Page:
If you’ve been following along you’ll know that the first corset I planned on making isn’t going to happen because the pattern does not allow for a busk. Though I have a fair amount of sewing experience, I don’t feel comfortable making adjustments to a corset pattern since I have made a grand total of zero corsets.
While I’m waiting for my Historically Accurate Corset Patterns™ to arrive from eBay, I’m gathering supplies. The Corset Bible according to Lucy recommended corsetmakingsupplies.com. Since she has never steered me wrong, I headed over there to check things out.
I found that they have a wonderful variety – read: everything I needed – and absurdly reasonable shipping fees. While the jury is (obviously) still out on efficiency, customer service, and quality of goods, as stated above, I trust Lucy. I seriously doubt I’ll have any issue.
I had initially intended to buy uncut rolls of spring steel boning, but the supplier had kits specifically intended for the patterns I’m waiting on, removing much of the guess work and reducing my learning curve. One of the kits had a bunch of tools that I already own but I was able to extrapolate the items I don’t have (boning and such) to purchase those separately. The other kit I bought intact. Though rolls of spring steel boning will be more cost effective for future projects, I thought the kits would be a better option given my current level of ignorance.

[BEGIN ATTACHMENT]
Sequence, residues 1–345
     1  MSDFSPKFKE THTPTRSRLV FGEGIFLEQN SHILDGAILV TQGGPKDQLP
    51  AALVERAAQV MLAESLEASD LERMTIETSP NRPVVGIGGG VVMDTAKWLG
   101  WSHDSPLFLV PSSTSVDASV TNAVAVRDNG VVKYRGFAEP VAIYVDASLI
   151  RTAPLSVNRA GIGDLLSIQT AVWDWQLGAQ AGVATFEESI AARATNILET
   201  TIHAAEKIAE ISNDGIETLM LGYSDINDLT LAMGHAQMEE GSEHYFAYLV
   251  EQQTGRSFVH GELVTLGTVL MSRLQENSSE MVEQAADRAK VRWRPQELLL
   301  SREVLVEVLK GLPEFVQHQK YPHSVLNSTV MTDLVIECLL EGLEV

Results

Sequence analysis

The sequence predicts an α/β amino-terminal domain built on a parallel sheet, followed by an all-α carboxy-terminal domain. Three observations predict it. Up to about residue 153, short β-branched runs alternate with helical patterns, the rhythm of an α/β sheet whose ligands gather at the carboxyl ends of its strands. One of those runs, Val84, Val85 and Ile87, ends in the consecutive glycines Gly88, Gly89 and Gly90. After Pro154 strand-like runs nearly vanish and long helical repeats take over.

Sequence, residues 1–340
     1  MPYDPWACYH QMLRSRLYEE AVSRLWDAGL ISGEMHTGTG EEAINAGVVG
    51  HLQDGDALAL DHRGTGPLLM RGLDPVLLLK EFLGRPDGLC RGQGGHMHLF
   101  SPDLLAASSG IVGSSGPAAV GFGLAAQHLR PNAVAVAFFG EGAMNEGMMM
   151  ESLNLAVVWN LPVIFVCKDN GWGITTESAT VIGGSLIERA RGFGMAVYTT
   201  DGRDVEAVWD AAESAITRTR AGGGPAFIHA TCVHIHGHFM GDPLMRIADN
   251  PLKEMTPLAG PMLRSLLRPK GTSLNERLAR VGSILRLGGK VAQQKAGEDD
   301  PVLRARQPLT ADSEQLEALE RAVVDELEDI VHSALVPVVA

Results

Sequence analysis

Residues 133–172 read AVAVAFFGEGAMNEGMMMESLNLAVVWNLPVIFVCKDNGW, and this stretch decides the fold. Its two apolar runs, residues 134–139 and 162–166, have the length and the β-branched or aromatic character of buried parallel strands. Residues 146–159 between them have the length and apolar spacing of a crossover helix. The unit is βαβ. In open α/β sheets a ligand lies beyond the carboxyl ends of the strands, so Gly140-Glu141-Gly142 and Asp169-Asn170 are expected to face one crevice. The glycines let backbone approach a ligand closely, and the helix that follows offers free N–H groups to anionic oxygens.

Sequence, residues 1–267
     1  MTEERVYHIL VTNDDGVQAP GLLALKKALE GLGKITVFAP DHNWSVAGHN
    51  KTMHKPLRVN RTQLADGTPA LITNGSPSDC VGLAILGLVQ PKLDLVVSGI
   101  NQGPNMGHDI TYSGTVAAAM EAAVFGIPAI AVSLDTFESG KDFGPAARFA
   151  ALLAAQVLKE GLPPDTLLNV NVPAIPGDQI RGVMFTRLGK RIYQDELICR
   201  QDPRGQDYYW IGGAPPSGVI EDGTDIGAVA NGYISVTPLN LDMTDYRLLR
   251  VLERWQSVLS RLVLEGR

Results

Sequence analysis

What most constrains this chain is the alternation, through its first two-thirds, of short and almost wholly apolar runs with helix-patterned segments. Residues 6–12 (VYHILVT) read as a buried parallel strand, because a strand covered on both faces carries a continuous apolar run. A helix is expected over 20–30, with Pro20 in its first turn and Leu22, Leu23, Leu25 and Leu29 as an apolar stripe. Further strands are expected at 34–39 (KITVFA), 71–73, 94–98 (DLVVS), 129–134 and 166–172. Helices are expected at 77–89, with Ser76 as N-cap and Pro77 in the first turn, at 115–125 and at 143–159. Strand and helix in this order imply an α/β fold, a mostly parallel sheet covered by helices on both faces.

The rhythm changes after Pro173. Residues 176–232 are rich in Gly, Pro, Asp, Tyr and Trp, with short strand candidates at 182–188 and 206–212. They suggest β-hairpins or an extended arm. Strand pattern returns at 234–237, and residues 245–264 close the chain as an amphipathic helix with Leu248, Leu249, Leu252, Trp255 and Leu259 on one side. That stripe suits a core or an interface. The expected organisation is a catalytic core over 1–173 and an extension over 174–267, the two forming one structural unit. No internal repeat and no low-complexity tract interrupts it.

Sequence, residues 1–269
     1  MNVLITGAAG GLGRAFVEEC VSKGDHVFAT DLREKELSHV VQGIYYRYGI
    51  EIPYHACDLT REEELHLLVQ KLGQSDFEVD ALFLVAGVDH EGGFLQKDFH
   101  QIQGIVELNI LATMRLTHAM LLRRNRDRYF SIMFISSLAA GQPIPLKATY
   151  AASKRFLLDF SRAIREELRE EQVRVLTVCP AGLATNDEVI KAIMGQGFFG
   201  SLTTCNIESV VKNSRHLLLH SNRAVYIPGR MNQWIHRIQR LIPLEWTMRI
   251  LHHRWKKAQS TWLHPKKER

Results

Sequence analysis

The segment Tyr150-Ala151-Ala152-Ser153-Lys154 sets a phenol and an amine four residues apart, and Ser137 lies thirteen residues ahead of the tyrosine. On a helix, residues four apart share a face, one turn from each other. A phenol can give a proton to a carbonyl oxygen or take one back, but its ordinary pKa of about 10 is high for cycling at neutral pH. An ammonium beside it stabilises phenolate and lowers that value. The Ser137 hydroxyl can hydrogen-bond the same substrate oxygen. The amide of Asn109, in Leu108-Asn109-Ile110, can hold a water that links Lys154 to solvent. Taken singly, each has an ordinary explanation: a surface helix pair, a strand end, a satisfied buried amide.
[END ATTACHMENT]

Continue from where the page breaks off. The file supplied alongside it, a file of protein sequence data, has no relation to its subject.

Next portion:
Since I have an unplanned lag in the start of the project, I decided to correct the massive hips on my dress form. Though this oddity would not have made any difference in my corset project, it just looked weird.
I went up to the attic and dragged out a bag of fiber fill. I pulled the measuring lines out of the form, redistributed the appearance to be more accurate between hips and buttocks, and reattached the measuring markers. While I’m annoyed at the project delay, I’m glad I corrected the dress form. My body doesn’t look like that and it bugged me.
Now, I wait.